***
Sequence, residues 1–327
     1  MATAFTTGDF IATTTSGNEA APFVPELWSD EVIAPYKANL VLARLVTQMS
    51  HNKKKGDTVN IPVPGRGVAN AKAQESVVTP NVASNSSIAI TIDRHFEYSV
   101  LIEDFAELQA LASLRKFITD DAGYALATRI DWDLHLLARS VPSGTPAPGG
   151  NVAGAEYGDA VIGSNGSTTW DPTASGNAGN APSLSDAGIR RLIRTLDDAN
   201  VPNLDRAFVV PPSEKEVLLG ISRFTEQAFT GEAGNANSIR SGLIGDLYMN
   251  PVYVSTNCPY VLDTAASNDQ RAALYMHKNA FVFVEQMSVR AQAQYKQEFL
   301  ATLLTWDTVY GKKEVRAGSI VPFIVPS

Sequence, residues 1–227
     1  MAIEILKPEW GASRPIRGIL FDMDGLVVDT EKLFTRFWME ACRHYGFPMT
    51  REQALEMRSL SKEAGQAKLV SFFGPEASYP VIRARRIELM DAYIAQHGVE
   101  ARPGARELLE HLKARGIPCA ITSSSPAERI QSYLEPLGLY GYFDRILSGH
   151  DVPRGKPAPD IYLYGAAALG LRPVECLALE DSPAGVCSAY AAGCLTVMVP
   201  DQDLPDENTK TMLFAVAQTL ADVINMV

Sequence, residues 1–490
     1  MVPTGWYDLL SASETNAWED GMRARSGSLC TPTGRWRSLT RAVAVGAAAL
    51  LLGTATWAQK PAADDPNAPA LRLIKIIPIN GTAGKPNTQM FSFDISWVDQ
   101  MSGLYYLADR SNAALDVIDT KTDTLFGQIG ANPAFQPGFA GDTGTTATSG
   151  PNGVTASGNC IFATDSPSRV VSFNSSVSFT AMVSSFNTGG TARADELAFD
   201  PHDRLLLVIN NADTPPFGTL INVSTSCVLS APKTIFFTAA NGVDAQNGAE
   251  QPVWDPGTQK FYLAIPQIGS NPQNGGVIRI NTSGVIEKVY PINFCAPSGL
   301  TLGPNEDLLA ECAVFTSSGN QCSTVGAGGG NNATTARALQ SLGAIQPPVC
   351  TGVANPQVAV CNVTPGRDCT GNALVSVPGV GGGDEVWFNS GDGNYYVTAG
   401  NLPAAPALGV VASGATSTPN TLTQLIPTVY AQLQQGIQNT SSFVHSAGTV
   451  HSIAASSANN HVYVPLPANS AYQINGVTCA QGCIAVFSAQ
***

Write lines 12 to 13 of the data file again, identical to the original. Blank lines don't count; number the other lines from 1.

   101  ARPGARELLE HLKARGIPCA ITSSSPAERI QSYLEPLGLY GYFDRILSGH
   151  DVPRGKPAPD IYLYGAAALG LRPVECLALE DSPAGVCSAY AAGCLTVMVP